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How To Do More on Facebook and Twitter with Less Effort

Posted on 17 August 2010 by Eric Alpin

We all want it–the opportunity to give less to a task or progress and to see results that can only come if we give 110%. No one would mind giving less sweat or hard work every now and then and still seeing the results unchanged.

What you think might be a delusional fantasy can actually be a reality, including when you’re working on your various social media marketing tactics. Yes, you can give less effort with the results, and profit, remaining unchanged.

It’s easy–get a team.

“Teamwork can make the dream work.” – John Maxwell

How many times have you thought that doing your job, and the job of everyone else, was too tough. In reality it probably is but that doesn’t mean you need to shoulder all of the burden.

When it comes to producing high quality results, the efforts of individuals are futile. The real action comes with teams of cohesive and highly functional people who are set on achieving a goal.

Charles Lindbergh didn’t fly across the Atlantic on his own; he had countless hours of consulting and navigators who showed him the way. Michael Jordan could never have been the greatest basketball player to set foot on an NBA court if he didn’t surround himself with team players like Scottie Pippen, Dennis Rodman, and Phil Jackson.

Believe it or not, your success as the social media manager of a big business or Twitter account manager of a mom-and-pop grocery store hinges on working with a team of people who are dedicated to striving for success.

Your dreams and the goals of the company depend on teamwork.

Dissecting the Fundamentals of Teamwork

When working on a team, there are a few things that need to happen in order to spark success. Two, three, or eight people can’t just wear shirts with the same logo and call themselves a team. Critical changes need to take place before success starts pouring in.

Ego Adjustment – All members of the team must adjust their egos in order to work well with one another. A humble approach to every situation is a great quality of a team. If a member of a team feels more entitled than the other members, nothing good can come of working together. You can’t expect to hand off a Twitter or Facebook task and think that the person needs to do it your way. That’s not how it works. Remember, it’s not about you, it’s about the team and the end goal.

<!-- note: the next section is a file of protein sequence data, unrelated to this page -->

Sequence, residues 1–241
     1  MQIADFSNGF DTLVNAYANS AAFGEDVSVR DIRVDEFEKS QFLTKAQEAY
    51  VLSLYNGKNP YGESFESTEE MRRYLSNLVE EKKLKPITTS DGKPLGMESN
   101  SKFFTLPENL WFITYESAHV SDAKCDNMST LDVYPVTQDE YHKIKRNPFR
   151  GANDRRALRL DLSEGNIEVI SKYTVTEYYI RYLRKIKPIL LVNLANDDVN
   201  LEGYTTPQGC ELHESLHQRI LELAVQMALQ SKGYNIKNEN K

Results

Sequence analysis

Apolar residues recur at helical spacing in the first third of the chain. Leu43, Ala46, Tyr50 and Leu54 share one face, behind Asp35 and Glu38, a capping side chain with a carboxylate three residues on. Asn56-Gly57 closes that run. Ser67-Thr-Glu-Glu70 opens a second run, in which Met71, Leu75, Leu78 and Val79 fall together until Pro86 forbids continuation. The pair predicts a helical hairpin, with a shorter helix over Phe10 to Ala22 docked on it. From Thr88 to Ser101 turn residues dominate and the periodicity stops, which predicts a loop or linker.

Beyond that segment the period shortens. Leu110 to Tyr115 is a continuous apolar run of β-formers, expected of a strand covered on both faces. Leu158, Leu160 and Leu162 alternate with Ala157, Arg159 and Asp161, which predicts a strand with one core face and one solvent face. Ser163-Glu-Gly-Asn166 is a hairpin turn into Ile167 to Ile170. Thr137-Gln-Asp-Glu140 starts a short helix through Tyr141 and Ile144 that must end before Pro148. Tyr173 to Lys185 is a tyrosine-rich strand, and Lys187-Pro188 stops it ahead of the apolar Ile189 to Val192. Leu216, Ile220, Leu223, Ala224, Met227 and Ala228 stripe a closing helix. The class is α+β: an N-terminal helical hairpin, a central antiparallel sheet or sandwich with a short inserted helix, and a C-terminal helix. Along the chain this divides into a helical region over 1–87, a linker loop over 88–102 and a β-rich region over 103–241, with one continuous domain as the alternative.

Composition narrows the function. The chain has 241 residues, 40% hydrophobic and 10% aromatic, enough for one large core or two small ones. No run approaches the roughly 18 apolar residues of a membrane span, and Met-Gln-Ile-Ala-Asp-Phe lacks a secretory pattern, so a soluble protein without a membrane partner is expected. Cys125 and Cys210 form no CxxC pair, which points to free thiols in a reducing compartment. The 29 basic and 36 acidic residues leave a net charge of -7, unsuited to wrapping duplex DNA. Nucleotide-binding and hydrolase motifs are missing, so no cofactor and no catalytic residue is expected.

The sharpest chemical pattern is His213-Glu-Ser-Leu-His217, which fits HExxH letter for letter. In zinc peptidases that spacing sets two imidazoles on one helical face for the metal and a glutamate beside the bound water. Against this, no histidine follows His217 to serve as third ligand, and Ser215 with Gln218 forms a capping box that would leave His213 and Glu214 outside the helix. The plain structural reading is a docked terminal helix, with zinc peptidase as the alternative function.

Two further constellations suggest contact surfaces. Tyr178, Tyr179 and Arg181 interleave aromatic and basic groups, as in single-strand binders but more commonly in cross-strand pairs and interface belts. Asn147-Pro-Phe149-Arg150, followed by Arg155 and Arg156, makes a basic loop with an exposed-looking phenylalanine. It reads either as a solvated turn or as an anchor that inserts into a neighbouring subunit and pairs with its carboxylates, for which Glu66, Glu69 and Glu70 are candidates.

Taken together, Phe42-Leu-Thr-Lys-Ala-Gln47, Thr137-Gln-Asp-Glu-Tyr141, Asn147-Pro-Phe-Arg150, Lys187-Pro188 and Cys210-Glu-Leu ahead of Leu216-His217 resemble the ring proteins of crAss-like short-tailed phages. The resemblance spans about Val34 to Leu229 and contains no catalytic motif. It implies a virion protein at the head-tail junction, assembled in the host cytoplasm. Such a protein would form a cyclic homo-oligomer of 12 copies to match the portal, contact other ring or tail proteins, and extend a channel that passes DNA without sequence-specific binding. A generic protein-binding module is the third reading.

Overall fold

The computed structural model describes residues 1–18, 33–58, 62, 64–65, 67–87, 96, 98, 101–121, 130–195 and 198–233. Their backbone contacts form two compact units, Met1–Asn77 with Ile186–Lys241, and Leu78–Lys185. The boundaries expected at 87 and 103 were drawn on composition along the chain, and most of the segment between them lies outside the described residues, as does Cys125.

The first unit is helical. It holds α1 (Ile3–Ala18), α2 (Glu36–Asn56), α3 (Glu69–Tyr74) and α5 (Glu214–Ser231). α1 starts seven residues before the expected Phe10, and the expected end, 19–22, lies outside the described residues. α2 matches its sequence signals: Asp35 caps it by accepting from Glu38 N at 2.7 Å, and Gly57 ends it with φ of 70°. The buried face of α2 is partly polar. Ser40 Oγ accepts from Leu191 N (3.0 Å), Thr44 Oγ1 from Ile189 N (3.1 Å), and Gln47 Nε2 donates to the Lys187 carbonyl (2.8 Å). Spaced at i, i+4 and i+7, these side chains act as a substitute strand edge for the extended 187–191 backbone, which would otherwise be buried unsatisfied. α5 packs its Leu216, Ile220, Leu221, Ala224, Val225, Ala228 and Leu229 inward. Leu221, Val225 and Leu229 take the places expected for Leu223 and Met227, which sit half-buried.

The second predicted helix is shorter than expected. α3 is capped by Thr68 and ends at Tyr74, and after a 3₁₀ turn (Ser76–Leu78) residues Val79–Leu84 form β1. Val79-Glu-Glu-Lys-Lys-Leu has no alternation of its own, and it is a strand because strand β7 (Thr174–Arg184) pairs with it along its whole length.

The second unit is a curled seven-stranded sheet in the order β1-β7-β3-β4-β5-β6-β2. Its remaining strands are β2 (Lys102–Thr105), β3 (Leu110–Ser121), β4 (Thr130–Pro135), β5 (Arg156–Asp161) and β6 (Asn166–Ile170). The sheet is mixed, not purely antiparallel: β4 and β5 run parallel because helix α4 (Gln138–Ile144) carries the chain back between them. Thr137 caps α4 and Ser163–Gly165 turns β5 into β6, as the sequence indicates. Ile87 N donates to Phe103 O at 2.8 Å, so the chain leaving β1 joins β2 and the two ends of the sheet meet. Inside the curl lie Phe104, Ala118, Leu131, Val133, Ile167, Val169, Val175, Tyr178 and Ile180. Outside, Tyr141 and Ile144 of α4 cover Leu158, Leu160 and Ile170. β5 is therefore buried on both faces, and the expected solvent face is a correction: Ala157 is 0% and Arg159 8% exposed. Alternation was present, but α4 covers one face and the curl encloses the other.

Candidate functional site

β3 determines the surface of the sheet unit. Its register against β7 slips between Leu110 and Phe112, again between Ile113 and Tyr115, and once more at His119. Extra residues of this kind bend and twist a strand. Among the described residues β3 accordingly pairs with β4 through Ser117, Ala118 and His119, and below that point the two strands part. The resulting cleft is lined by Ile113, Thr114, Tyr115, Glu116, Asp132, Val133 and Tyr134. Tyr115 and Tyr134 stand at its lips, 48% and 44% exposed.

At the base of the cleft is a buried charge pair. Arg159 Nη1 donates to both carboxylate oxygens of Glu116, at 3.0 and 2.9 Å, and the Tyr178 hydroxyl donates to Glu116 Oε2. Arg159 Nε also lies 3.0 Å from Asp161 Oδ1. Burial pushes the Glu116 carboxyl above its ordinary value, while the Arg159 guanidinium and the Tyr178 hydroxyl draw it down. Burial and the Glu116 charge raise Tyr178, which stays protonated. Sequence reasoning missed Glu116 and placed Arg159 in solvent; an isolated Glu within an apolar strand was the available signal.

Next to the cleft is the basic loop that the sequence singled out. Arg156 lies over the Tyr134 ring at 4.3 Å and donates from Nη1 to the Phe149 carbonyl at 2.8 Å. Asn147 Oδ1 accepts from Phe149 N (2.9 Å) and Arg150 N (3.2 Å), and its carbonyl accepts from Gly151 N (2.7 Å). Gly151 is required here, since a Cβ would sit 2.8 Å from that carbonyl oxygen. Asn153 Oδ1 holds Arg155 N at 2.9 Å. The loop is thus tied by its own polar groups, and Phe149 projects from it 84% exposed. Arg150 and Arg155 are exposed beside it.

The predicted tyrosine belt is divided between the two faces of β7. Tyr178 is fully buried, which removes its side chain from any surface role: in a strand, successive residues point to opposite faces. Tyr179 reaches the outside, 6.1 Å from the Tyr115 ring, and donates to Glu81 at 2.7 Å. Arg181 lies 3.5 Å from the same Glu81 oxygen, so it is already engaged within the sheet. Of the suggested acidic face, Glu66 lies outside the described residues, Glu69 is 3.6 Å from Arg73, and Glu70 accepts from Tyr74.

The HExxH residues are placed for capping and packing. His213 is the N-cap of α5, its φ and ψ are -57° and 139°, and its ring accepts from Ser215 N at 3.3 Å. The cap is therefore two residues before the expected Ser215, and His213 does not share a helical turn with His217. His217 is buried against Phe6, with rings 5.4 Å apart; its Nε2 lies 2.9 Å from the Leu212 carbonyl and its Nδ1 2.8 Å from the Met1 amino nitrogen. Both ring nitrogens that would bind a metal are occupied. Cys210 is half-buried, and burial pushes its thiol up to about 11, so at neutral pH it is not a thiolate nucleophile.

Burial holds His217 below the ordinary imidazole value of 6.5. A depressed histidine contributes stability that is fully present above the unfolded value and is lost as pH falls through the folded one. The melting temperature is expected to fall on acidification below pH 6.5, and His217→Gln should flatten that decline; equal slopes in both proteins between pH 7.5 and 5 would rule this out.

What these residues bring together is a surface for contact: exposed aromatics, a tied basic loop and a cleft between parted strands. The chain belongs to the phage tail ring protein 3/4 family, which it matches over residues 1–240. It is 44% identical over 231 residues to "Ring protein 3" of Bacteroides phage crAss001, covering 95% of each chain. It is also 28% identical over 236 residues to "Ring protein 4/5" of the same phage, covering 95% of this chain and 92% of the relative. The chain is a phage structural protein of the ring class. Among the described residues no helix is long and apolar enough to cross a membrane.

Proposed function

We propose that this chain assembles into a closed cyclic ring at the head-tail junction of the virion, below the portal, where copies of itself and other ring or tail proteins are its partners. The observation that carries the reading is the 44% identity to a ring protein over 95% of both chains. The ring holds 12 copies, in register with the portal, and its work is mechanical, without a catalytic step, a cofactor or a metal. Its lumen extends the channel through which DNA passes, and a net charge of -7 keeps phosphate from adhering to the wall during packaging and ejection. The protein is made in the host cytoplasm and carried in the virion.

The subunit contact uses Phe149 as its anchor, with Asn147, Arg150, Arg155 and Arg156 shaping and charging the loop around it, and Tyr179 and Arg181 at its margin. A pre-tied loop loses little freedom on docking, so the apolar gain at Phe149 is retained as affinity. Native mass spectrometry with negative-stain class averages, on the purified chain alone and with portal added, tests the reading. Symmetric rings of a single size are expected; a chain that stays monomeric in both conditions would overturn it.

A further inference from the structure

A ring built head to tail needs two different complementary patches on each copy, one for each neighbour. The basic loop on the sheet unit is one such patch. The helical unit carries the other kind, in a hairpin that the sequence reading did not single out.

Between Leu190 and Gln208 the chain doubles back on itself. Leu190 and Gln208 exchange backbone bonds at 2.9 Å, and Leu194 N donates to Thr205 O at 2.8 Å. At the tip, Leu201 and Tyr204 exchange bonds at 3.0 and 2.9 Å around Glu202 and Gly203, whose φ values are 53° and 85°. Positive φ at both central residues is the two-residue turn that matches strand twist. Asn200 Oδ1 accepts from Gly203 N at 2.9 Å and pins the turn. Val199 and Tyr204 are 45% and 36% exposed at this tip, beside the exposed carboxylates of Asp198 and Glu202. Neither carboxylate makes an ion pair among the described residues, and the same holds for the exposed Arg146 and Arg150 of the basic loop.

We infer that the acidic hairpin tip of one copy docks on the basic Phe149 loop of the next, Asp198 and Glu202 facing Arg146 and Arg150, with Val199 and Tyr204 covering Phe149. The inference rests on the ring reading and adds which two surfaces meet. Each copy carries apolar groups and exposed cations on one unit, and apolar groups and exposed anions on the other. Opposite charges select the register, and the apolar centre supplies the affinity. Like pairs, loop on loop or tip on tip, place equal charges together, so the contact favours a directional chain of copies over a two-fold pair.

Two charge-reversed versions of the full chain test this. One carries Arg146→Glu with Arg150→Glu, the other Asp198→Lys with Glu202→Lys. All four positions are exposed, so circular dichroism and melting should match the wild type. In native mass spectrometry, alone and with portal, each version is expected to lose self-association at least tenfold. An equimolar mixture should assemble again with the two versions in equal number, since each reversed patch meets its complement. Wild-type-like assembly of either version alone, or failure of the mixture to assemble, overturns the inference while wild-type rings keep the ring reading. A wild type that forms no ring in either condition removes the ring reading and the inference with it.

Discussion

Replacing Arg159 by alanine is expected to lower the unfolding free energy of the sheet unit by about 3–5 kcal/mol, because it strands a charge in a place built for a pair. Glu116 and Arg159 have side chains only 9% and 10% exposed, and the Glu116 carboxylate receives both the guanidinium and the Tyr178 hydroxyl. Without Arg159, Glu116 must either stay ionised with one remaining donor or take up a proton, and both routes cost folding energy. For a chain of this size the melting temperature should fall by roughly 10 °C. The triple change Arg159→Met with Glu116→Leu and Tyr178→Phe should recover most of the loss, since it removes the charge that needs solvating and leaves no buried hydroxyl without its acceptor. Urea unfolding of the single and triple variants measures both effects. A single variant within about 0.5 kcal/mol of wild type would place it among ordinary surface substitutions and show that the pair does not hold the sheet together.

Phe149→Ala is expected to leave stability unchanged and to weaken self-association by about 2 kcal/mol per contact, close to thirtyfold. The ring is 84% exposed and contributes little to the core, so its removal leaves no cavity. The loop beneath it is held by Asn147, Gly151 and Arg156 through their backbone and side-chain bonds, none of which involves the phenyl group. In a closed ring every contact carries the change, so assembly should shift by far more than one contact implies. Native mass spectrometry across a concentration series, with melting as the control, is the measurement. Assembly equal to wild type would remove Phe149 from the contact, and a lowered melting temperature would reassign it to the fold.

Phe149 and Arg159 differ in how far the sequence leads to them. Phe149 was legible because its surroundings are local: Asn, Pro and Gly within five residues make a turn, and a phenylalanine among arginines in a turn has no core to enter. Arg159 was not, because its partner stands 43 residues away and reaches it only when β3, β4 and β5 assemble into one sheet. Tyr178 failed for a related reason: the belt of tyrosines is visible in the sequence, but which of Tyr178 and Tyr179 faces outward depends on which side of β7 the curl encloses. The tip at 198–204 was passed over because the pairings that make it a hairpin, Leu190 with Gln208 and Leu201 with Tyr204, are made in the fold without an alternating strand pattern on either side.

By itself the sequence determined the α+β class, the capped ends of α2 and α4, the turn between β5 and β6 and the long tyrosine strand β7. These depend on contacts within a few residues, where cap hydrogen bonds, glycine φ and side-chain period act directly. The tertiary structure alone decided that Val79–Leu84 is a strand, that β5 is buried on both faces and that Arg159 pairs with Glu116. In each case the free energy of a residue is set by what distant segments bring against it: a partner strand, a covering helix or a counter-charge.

Free Thinking Environment – One of the best aspects of working on a team is the fact that nothing is off limits. No idea is stupid and everyone goes. Some of the best ideas come when nothing is ruled out. When working on a team, you must be open to new ideas and ideas that might now sound good at first. Have you written off SEO or Google Analytics? Don’t. Not a big fan of Twitter? Don’t exclude it from your ideas. No member of the team can judge another based on an idea because the ultimate purpose of the team is to achieve success, not cut others down.

Shared Workload – One of the primary reasons teams don’t work is because of an unequal distribution of work. In a team environment, one person cannot do more than the others. This will generate feelings of bitterness and resentment, which will poison the team. Don’t overburden others when you’re reaching out to them for help with social media management. If you’re the team lead, make sure that you shoulder most of the tasks.

Higher Desire – The most critical aspect of working in a team is the mentality of every individual. Each person needs to know that they are working toward a greater good or goal and not for personal gain. Yes, personal gain may be a result of working well in a team environment, such as a promotion, but it isn’t the sole reason for joining together with others. Everyone must be clear on your goals and dreams for your social media campaign and they must work toward that each day or you’ll be coming up empty.